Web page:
Designed for defense as well as shelter, pueblos were often built atop steep mesas.
The design of the buildings appears to be modeled after the Ancestral Pueblo culture (Anasazi) cliff dwellings, houses built in shallow caves and under rock overhangs along the canyon walls.
The buildings in these pueblos were designed to provide defense.
The church at Taos Pueblo is the newest building in the pueblo having been built in 1850 to replace the original pueblo church which was destroyed by the US army in 1847.
Pueblo is a term used to describe modern (and ancient) communities of Native Americans in the Southwestern part of what is now the United States of America.
The Pueblo Revival Style is a regional architectural style of the Southwestern United States which draws its inspiration from the Pueblos and the Spanish missions in New Mexico.
Aviation pioneer, Glenn Curtiss brought the Pueblo Revival style to Florida when he had his house in Miami Springs built in 1925.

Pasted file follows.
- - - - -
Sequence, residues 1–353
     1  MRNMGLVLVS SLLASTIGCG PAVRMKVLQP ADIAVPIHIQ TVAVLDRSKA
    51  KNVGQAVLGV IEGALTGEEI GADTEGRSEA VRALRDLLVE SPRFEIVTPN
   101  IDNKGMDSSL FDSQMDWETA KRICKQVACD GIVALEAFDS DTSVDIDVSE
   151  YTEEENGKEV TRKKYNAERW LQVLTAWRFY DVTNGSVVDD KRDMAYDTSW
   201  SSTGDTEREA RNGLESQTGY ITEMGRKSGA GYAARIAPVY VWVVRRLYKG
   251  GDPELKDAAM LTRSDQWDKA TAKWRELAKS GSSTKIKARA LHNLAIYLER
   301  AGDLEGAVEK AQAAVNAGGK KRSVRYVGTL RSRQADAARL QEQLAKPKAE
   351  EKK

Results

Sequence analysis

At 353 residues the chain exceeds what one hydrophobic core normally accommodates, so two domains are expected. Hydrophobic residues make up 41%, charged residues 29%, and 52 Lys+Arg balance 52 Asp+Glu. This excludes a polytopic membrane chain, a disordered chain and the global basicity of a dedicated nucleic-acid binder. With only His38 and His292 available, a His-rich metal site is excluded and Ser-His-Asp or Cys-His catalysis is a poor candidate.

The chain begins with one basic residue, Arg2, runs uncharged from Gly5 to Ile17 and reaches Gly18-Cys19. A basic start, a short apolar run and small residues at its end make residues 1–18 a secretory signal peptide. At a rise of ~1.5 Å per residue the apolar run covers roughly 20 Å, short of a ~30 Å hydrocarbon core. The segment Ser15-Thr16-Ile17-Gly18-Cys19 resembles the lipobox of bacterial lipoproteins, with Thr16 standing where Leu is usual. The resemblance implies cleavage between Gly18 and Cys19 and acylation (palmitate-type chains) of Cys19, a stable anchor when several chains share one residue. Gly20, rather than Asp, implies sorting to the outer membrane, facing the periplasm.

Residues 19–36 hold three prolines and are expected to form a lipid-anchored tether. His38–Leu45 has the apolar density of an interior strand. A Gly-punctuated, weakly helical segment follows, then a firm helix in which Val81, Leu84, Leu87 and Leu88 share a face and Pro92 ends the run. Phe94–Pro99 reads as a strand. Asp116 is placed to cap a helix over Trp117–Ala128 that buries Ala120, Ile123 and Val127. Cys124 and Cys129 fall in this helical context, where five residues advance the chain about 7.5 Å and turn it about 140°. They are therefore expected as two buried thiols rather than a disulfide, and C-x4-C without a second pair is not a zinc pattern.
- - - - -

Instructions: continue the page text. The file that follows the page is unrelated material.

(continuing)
Pueblo People still inhabit a number of these villages, which date back a thousand years making them the oldest continuously occupied dwellings in North America.
Acoma Pueblo, also known as "Sky City," was built on top of a 367-foot (112 m) sandstone mesa in New Mexico.
The Spanish word pueblo, evolved from the Latin word populus (people), meaning "town."
The walls of pueblo buildings are made of limestone blocks or large adobe bricks made from clay and water.
Taos Pueblo is another ancient pueblo, approximately 1000 years old.
Multistory buildings usually employ stepped massing similar to that seen at Taos Pueblo.
Pueblo style architecture seeks to imitate the appearance of traditional adobe construction, though more modern materials such as brick or concrete are often substituted.
The people of some pueblos still inhabit centuries-old adobe pueblo buildings.
Pueblo style houses are still frequently constructed in Albuquerque, Santa Fe, and elsewhere.
Pueblo style architecture is most prevalent in the state of New Mexico.
Nearly all subsequent university buildings have also employed the Pueblo style, albeit in increasingly loose interpretations.
Today, pueblos have doors on the ground level.
Pueblo revival style may also incorporate several features due to Spanish influence, such as elaborate corbels, porches held up with zapatas, and enclosed patios.